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  6. 1.Because Hong Kong is a former British colony that has grown immunity to the rules and unrest of the remaining parts of china, they can dodge the crackdown on peaceful protests. Also, in the mainland, social networks such as Facebook, Twitter, YouTube have been banned. Leaving the streets as the only place to go to battle, like the first article says. Hong Kong has found loopholes to some social media bans.
    2. China is afraid that news reports of Hong Kong will raise awareness about what is going on in Hong Kong, and if other Chinese citizens see what is happening, they might in fact decide that if it is working in Hong Kong why can't it work here? And increased numbers of protests will take place.

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  7. We all have seen in the age of social what happend in the Arab uprisings when you try to use force to silence protestors. the outcome will not be in favor of the chinese government. China has too much to loose , meaning business wise , if they think force will silence protestors in Hongkong...the only way out for them is meet in the middle

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  8. 1. With the explosion of the Internet, social media has connected the world instantly. Newspapers, TV, pamphlets, and even some blogs can be censored, but once something on Social Media (especially Twitter) is posted, millions can see what was posted instantly and the government will have a hard time keeping up with the spontaneous sharing and reactions.

    2. If the Chinese government cannot control social media, then people on the mainland, who are already controlled, may be exposed to the protests and might begin a revolution themselves.

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  9. China's usual authoritarian responses to protests won't work in Hong Kong because Hong Kong was once a British colony with its own laws. People who have been living in Hong Kong for a while now are probably more adapted to those laws. Seeing China change all of that with censoring the Internet has caused people to protest. The reason why China is afraid of these news reports is because the Chinese government wants things to go its way, and if people keep reporting on the protests, it's not going to look good for their reputation.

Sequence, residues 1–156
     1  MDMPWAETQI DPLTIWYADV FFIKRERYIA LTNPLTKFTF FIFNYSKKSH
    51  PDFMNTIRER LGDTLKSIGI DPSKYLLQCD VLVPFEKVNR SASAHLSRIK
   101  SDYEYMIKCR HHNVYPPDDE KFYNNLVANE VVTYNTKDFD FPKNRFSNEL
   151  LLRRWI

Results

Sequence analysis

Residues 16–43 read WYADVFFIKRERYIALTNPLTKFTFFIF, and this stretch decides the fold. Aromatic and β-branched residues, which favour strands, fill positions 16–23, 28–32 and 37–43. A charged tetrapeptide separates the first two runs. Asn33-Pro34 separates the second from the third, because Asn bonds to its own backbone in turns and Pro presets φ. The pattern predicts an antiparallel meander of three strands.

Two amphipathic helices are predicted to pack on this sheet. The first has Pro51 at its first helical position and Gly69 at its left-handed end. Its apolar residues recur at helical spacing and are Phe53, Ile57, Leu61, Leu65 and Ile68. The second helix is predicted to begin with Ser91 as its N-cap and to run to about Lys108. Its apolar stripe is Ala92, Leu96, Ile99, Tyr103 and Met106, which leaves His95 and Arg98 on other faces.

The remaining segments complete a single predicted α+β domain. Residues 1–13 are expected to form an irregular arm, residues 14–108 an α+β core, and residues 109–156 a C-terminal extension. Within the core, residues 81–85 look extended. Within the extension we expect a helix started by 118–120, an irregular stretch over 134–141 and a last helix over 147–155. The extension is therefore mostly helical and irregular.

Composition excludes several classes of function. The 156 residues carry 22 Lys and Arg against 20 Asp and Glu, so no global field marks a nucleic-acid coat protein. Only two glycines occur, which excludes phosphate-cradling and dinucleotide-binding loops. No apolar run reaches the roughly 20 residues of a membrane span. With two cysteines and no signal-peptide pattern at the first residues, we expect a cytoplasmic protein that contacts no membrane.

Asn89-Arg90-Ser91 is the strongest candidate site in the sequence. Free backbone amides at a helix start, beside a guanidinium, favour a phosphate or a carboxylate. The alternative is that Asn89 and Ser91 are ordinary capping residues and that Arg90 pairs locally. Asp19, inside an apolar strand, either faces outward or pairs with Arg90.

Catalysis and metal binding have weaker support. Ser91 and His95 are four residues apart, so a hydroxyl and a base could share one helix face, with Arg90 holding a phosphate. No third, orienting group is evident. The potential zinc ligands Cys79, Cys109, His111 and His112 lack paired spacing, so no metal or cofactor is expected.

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  10. The usual stuff won't work because Hong Kong still has a press and also because social media is making a blackout impossible. China is afraid because, first, the party is between a rock and a hard place. If they crack down, it'll be Tienanmen Square and Tank Man all over again. If they give in, other protesters like the Tibetans, Uighars and religious minorities will be encouraged.

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  11. China is getting so much publicity it is crazy! Like others have said, this protest is too big for any authorities to do anything about. China is afraid it is loosing its structure. The Chinese government is loosing control and they cannot handle it.